• Example 46=0.6 wt % Rh (from oxoacatetate)/1.2 wt % In (from formate) on TiO2
  • Example 47=0.6 wt % Rh (from chloride)/1.2 wt % In (from formate) on TiO2

When the resultant catalysts were used to treat the same hydrocarbon feed under the same conditions as Example 1, the results shown in Table 6 were obtained.

TABLE 6
C2H2 conv H2 conv C2H4 select C2H6 select Green Oil
Example (%) (%) (%) (%) select (%)
29 79.3 88.3 56.4 35.0 8.6
30 28.9 45.5 1.2 86.8 12.0
31 41.5 54.7 33.7 57.9 8.4
32 7.6 9.9 36.7 54.7 8.5
33 3.4 1.6 90.9 7.9 1.1
34 5.0 4.4 59.6 34.8 5.6
35 2.2 2.3 54.6 38.7 6.8
36 2.7 3.2 38.3 55.0 6.6
37 1.5 1.4 60.0 36.8 3.2
38 66.0 82.8 36.1 53.5 10.4
39 87.9 96.1 61.1 32.9 6.0
40 48.6 82.0 −15.7 104.1 11.6
41 69.3 88.9 37.1 55.2 7.7
42 30.7 39.7 30.6 57.0 12.4
43 26.2 29.6 54.0 37.3 8.7
44 26.2 27.6 60.9 31.6 7.5
45 16.6 18.3 56.8 35.9 7.3
46 17.3 19.1 57.6 35.9 6.5
47 7.8 8.2 58.2 34.2 7.7

The results in Table 6 show that alumina and zirconia are superior support materials to silica and titania and that nitrate appears to be the best precursor for rhodium and nitrates and formates are good precursors for indium.

While the present invention has been described and illustrated by reference to particular embodiments, those of ordinary skill in the art will appreciate that the invention lends itself to variations not necessarily illustrated herein. For this reason, reference should be made solely to the appended claims for purposes of determining the true scope of the present invention.

Claims (20)

1. A catalyst composition effective for the selective hydrogenation of alkynes and diolefins to olefins including active components combined with a support, said active components consisting of:
(a) a rhodium component deposited from a nitrate precursor and present in an amount less than 3.0% of rhodium by weight of the total catalyst composition; and
(b) an indium component deposited from a nitrate or formate precursor and present in an amount at least 0.3% and less than 5.0% of indium by weight of the total catalyst composition.
2. The catalyst composition of claim 1 and wherein rhodium is present in an amount at least 0.25% and less than 2.5% by weight of the total catalyst composition.
3. The catalyst composition of claim 1 and wherein rhodium is present in an amount at least 0.3% and less than 1.5% by weight of the total catalyst composition.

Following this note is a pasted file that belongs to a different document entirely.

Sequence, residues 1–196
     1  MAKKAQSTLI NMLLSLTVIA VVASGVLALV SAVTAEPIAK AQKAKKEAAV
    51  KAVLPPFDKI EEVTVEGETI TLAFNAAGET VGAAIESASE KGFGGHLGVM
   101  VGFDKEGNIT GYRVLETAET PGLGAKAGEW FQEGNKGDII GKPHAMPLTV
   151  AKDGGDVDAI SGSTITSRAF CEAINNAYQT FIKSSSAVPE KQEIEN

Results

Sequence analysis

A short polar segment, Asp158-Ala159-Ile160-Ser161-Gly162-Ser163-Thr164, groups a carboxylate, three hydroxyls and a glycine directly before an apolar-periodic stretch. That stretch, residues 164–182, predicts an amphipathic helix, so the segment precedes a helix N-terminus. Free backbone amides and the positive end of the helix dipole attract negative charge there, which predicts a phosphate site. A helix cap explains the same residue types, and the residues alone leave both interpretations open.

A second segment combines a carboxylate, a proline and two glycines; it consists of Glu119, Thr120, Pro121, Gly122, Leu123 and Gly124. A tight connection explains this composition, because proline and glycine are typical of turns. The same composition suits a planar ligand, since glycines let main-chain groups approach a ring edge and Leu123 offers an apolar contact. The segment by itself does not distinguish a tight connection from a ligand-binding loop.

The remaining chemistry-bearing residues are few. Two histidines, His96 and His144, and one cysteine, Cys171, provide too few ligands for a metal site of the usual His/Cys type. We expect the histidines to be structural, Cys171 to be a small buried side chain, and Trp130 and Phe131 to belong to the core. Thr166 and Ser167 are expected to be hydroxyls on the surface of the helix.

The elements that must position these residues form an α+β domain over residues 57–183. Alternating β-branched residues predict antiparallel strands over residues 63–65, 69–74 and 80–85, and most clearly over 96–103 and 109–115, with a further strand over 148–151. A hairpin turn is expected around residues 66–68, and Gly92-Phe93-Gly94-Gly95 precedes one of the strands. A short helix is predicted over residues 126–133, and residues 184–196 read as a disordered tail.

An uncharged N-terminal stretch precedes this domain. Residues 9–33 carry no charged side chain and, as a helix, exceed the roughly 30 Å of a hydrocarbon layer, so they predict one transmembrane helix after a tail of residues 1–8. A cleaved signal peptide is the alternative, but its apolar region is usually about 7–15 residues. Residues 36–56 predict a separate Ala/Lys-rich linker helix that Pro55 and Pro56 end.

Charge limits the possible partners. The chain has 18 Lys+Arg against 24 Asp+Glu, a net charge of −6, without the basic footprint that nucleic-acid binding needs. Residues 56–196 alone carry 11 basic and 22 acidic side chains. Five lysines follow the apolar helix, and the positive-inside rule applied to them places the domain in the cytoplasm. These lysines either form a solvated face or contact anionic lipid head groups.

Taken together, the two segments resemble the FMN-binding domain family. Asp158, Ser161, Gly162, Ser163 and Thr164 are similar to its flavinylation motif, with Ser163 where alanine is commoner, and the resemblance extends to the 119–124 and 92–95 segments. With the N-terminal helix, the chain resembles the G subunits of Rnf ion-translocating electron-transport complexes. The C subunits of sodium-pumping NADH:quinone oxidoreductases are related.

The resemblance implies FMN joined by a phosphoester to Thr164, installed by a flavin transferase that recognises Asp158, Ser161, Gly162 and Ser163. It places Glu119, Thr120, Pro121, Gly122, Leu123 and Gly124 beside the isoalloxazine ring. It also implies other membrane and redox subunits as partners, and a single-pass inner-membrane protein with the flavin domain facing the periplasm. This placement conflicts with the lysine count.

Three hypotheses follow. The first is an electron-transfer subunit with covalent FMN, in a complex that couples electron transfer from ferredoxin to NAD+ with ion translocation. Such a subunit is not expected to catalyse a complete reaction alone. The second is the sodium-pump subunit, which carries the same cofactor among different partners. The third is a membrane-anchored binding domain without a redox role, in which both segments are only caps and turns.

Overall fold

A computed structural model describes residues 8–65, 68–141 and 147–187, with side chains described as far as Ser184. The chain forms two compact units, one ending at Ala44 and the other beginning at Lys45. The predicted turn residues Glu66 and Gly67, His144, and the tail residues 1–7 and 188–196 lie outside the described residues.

4. The catalyst composition of claim 1 and wherein indium is present in an amount at least 0.4% and less tan 4.0% by weight of the total catalyst composition.
5. The catalyst composition of claim 1 and wherein indium is present in an amount at least 0.4% and less than 3% by weight of the total catalyst composition.
6. The catalyst composition of claim 1 wherein the molar ratio of rhodium to indium is about 0.2 to about 1.1.
7. The catalyst composition of claim 1 wherein the molar ratio, of rhodium to indium is about 0.35 to about 0.75.
8. The catalyst composition of claim 1 and wherein said support is present.
9. The catalyst composition of claim 8 wherein the support is selected from alumina, zirconia and ceria-alumina.
10. The catalyst composition of claim 1 wherein the catalyst composition has been treated in a reducing atmosphere at a temperature of at least 300° C.
11. A method for making a catalyst composition, the method comprising:
(a) applying a rhodium nitrate to an alumina, zirconia, or ceria-alumina support; and
(b) applying an indium formate or nitrate to the support; to produce a catalyst composition according to claim 1.
12. The method of claim 11 wherein the rhodium compound and the indium compound are applied to the support concurrently.
13. The method of claim 11 wherein the rhodium compound and the indium compound are applied to the support consecutively.
14. The method of claim 11 wherein at least one of the compounds is applied to the support by impregnating the support with a solution of the compound.
15. The method of claim 11 wherein at least one of the compounds is applied to the support by precipitating the compound from a solution containing ions of at least one of rhodium and indium.
16. The method of claim 11 and further including, after at least one of (a) and (b), calcining the support at a temperature of about 100° C. to about 600° C.
17. The method of claim 11 and further including, after (a) and (b), treating the support in a reducing atmosphere at a temperature of about 100° C. to about 600° C.
18. The method of claim 17 wherein said treating the support is conducted at a temperature of about 300° C. to about 500° C.
19. A supported catalyst composition consisting essentially of a rhodium component and an indium component said supported catalyst composition effective for the selective hydrogenation of alkynes and diolefins to olefins, wherein said support is selected from the group consisting of alumina, zirconia, or ceria-alumina; said catalyst composition further characterized as having less than 3.0% rhodium by weight of the total supported catalyst composition, deposited from rhodium nitrate; and having 0.3–5.0% indium by weight of the total supported catalyst composition, deposited from indium nitrate or indium formate.
20. The supported catalyst composition of claim 19, wherein said support is selected from the group consisting of theta alumina and zirconia.